4 May 2009
Something potentially worrying has happened over the last few years; I’ve turned in to a bloke who trims the edges of his allotment paths every week without fail.
The other day Mrs Nails wandered down to join me on the plot for some quiet rest and relaxation. I was stooped over my long handled edging irons doing the deed in question. Shock, horror, my wife called me “anal!” In some respects she’s dead right. But seeing as she simultaneously observed on how lovely everything down there looked, actually I’m thinking that her second comment was much nearer the point.
As you may or may not know, I’m convinced that tidy edges are one of the biggest inspirations for setting off what goes on behind beautifully and helpful in prompting consistency of labours in the veg patch.
When I was a Groundsman I always kept the paths and boundaries of our parks and open spaces under control. That meant grading the height of vegetation quite artificially, from short close-clipped to ankle height with daisies to knee high and more. In fact, for big municipal areas, having diligently swept and obstruction-free paths regularly tended allowed for far less input amid the wilder places. So plants and animals could thrive, children had an irresistible adventure playground and older folk knew there was no dog’s shit, litter or other signs of uncaring laziness spoiling the communal environment as they travelled (or merely dawdled) from A to B.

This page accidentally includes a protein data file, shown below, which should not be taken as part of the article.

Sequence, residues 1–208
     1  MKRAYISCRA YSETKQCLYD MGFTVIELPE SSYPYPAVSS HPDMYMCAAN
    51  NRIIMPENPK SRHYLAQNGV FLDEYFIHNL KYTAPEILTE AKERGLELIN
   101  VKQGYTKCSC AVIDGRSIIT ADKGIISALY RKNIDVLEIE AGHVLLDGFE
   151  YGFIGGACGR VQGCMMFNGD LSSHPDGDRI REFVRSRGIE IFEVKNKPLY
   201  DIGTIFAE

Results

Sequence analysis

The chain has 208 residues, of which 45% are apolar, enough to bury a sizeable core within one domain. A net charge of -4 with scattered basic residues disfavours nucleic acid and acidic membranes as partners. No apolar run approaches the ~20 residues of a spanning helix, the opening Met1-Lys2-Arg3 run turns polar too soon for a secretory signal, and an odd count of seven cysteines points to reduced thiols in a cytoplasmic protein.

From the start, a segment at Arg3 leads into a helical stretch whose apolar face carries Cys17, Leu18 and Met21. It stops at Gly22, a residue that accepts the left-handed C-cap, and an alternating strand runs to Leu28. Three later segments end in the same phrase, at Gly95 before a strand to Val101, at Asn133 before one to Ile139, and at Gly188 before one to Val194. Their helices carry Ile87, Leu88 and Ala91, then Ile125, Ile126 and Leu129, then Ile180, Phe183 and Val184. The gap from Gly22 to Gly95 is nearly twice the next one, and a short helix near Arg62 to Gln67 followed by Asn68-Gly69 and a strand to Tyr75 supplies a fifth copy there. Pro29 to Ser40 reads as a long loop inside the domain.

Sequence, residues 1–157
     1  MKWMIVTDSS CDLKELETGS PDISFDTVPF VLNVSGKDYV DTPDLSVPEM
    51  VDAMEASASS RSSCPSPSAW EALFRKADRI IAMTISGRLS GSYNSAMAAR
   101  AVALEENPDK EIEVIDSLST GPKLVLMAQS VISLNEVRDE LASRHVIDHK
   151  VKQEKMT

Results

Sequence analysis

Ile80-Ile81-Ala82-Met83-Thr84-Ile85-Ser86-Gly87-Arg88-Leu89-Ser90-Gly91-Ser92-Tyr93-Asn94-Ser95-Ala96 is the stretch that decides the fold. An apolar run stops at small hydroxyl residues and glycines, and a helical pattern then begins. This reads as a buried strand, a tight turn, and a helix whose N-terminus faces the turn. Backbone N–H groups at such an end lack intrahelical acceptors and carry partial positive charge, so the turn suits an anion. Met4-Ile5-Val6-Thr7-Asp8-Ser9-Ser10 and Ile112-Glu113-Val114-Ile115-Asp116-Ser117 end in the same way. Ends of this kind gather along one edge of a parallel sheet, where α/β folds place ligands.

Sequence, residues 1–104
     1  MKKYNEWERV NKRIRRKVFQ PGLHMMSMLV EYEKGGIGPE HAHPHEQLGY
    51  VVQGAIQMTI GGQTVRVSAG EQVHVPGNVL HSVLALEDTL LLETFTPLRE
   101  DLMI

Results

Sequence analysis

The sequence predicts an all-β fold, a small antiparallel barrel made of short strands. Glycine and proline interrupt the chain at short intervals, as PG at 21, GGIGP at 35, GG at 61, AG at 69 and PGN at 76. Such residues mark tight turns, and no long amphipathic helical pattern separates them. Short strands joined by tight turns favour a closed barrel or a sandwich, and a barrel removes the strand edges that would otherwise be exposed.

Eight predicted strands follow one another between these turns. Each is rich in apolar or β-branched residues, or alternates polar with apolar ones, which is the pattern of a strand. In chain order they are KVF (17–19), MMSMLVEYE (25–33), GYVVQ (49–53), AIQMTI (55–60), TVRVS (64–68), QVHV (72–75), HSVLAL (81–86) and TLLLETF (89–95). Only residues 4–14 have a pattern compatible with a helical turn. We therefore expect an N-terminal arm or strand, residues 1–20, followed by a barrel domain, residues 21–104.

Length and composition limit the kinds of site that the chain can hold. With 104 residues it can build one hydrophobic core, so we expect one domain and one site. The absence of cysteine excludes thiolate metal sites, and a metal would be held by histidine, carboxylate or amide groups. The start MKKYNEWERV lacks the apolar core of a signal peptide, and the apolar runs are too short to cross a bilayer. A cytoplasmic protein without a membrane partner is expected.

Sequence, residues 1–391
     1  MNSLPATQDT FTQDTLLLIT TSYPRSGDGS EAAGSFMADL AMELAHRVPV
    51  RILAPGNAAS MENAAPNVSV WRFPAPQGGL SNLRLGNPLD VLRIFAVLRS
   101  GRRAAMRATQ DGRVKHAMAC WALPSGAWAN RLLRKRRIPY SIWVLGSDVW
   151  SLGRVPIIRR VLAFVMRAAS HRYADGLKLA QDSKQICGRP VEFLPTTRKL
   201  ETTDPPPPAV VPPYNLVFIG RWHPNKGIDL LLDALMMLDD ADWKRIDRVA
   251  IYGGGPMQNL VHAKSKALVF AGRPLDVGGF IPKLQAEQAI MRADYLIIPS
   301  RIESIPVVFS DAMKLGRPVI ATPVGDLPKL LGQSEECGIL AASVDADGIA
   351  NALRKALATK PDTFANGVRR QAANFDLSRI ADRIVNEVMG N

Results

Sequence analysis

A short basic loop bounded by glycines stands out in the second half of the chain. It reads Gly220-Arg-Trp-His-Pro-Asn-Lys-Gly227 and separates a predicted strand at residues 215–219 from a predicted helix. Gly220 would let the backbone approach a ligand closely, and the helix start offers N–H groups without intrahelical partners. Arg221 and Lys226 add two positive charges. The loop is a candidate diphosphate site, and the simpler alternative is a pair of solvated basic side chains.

The maintenance tactics I adopted democratised the parks because they made everybody welcome and encouraged care and respect from users.
Of course, it’s not like that now in Shaftesbury. The current Groundstaff have little imagination or ideas about how to do their jobs properly and they care even less. Those who should be prompting a change of attitude (town councillors and paid officials) seem unwilling or unable to take action. So we all moan to each other and, as usual, nothing happens. Tourists are let down when they come here and I think that is a real shame.
Back on the domestic plot, my paths welcome me in every time I visit and make me keen to carry on the good work. We all do things our own way, and this is mine.
Copyright, Dirty Nails